A clump-forming lily (monocot) with a bulb.
It has a large natural distribution, growing on the western slopes, western plains and far western plains of NSW, Garland Lily occurs in western NSW, extending only slightly into Queensland in the south; very prevalent in the south-east of South Australia and also in north western Victoria.
It grows in a variety of habitats such as dry sclerophyll woodland and shrubland, often near watercourse and sites subject to periodic flooding. Also found in rocky areas.
Calostemma have simple, lily-type leaves emerging from a bulb. In this species, they are to 60 cm long by up to 2 cm wide, glossy green and fairly typical of the family.
Calostemma have six tepals (3 petals and 3 sepals which are undifferentiated), fused into a tube woth resulting lobes. In this species, they are about 40 mm long, arranged in an umbel of up to 30, purplish red in colour. The stamens are arranged in a corona where the filaments are all fused together.
Plants can produce multiple flowering stems. In common with some other members of the Amaryllidaceae, it often flowers in a leafless state in summer and early autumn when there are fewer flowers to be seen in gardens, otherwise the leaves are persistent.
The fruits are capsules, to 15 mm in diametre, which splits as the seed matures.
Calostemma purpureum seems to be one of those plants that gained popularity and then, for some unknown reason, just stop being around, at least in the local area of Newcastle. I can recall, when first starting a native garden, seeing this attractive plant in other members’ gardens and also available to buy in specialist nurseries. I am pleased that I have “rediscovered” this lily and had the pleasure of many flowering heads during late summer.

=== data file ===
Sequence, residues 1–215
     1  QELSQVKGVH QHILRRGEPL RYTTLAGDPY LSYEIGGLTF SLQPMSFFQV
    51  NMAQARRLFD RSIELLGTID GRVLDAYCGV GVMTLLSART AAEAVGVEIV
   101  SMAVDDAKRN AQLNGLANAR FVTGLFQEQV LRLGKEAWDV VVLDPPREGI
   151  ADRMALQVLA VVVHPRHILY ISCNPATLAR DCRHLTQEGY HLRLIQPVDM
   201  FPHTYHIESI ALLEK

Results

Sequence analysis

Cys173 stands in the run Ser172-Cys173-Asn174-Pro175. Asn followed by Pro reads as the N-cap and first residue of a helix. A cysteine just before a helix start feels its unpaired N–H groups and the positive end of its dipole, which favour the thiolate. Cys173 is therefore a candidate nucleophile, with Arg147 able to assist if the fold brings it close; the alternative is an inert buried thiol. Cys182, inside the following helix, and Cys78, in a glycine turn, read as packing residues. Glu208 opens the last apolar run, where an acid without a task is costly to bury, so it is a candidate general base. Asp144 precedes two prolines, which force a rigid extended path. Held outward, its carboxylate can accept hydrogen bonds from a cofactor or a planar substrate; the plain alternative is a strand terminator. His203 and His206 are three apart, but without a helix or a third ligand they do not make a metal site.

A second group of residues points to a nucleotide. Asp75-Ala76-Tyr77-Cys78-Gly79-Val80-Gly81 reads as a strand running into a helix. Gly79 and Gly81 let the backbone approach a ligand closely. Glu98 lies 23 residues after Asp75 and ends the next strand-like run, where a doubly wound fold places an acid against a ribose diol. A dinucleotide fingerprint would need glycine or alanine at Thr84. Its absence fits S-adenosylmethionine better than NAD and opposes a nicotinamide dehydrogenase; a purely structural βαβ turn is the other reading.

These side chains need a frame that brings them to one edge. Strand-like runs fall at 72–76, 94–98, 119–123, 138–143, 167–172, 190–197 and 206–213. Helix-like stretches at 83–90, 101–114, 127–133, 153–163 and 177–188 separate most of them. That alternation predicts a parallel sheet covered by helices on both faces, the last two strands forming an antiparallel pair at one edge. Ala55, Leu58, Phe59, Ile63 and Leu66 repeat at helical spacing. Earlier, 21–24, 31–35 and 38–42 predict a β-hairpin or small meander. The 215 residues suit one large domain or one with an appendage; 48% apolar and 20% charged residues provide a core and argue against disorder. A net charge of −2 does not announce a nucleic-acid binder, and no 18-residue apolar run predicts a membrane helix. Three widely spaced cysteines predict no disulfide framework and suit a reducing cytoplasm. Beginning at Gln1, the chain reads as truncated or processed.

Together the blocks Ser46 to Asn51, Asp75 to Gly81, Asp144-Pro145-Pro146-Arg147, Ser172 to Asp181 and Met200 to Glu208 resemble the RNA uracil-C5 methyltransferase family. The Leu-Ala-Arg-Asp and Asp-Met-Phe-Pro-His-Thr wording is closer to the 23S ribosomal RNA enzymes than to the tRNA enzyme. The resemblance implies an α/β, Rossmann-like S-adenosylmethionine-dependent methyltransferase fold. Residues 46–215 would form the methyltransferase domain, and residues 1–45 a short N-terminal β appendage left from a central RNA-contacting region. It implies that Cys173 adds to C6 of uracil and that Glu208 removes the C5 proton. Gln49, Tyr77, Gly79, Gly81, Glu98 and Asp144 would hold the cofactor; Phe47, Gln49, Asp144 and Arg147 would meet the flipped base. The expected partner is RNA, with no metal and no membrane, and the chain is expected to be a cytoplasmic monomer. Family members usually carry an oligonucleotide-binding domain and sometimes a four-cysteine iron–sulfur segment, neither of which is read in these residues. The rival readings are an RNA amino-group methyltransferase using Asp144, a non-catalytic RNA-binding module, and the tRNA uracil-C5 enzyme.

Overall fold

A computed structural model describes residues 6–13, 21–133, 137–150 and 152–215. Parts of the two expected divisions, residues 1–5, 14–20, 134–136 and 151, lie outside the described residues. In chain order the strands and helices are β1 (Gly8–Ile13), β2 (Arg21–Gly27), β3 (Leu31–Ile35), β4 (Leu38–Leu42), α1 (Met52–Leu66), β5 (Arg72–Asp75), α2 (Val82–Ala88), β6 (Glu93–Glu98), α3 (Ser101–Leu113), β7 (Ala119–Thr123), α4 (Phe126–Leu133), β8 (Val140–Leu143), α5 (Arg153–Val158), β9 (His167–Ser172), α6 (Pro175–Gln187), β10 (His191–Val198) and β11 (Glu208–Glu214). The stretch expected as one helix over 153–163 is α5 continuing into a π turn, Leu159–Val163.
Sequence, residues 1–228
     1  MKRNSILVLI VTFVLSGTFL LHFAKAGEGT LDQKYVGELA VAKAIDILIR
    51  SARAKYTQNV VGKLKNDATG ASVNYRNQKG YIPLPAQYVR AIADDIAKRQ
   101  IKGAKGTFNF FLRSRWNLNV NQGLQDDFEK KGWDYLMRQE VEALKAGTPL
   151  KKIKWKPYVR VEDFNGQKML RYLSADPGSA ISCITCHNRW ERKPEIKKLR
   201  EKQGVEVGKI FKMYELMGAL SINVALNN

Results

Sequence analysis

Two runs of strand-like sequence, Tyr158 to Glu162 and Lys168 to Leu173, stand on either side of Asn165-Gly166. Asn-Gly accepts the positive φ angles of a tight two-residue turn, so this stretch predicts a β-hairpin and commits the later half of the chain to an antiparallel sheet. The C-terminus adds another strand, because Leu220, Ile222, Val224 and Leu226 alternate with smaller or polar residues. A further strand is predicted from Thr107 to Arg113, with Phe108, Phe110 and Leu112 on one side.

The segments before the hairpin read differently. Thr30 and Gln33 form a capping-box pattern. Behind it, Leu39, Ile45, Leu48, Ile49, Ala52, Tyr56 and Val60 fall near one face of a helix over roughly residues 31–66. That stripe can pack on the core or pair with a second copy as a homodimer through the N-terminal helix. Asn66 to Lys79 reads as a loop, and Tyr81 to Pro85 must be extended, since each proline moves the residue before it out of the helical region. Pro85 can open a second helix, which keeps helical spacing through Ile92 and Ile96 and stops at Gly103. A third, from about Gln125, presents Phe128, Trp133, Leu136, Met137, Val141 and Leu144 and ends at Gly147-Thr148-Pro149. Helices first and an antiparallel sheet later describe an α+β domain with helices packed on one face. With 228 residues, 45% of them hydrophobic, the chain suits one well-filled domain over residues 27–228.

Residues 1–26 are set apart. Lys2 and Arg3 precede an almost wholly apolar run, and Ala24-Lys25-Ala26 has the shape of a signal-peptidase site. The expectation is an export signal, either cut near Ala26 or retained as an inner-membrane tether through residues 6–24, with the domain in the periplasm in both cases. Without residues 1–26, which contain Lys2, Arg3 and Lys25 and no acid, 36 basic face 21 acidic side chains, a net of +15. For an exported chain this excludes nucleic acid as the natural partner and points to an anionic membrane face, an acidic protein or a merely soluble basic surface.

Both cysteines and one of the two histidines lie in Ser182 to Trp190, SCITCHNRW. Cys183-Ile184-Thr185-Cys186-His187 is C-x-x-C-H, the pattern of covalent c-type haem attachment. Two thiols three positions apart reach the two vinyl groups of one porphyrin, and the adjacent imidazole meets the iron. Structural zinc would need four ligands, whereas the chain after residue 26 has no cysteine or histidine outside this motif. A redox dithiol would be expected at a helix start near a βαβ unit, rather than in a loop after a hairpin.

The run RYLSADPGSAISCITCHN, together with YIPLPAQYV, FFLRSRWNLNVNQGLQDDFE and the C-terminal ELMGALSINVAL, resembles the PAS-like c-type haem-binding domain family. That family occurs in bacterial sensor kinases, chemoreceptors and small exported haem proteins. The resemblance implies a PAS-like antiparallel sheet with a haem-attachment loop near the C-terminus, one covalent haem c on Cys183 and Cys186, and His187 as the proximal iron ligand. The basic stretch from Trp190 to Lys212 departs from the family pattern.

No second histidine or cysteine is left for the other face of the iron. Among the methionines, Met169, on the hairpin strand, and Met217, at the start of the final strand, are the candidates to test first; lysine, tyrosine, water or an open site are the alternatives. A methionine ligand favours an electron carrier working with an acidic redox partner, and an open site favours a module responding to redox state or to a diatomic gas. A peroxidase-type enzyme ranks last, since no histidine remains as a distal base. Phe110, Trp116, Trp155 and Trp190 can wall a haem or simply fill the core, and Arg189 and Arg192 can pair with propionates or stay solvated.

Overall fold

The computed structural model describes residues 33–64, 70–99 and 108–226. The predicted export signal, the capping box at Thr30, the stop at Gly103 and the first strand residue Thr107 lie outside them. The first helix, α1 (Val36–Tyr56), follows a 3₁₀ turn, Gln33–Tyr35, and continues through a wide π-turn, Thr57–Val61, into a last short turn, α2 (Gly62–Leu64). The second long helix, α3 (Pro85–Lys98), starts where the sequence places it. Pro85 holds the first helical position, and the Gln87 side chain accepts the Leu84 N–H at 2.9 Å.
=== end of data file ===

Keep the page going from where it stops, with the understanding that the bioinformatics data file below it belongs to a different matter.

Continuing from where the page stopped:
Calostemma makes a delightful rockery plant that could be used as a massed planting or planted in pockets where it would grow taller than lower or prostrate plants and so add another dimension to a rockery display. I have noticed that leaves will die off in dry times even during peak growth times so some watering and mulching will be beneficial during dry periods. In my experience, Calostemma will tolerate some shade.
It is said to tolerate a range of soils, with reliable moisture, in full sun. A very eye-catching species worth growing.
Propagation is easy, the fruits can be collected green or as soon as they fall and they sometimes begin germination in a storage envelope. I have not noticed any particular pests but I’m sure slugs and snails would enjoy them.
Callistemma is a genus of only two species, both endemic to Australia, occurring in the eastern mainland states and South Australia. NSW has this one sole species.
Can likely regenerate from the bulbs after fire.
Calostemma – from the Greek – Kalos (καλός) meaning “beautiful” and –stemma (στέμμα) meaning “crown” – capturing the corona of stamens in the flowers which resemble a crown.
purpureum – Latin – meaning “purple” – referring to the colour of the flowers.
This species is not considered to be at risk of extinction in the wild.
Australian National Herbarium – Calostemma purpureum profile page https://www.anbg.gov.au/gnp/gnp7/callostemma-purpureum.html
NSW Flora Online (PlantNET) – Calostemma purpureum profile page https://plantnet.rbgsyd.nsw.gov.au/cgi-bin/NSWfl.pl?page=nswfl&lvl=sp&name=Calostemma~purpureum
Gardening with Angus – Calostemma purpureum profile page https://www.gardeningwithangus.com.au/calostemma-purpureum-garland-lily/
Wrigley, J.W. & Fagg, M.I. (2001). Australian Native Plants – Propagation, cultivation and use in landscaping. 4th edition. New Holland Publishers, Pty. Ltd. Australia.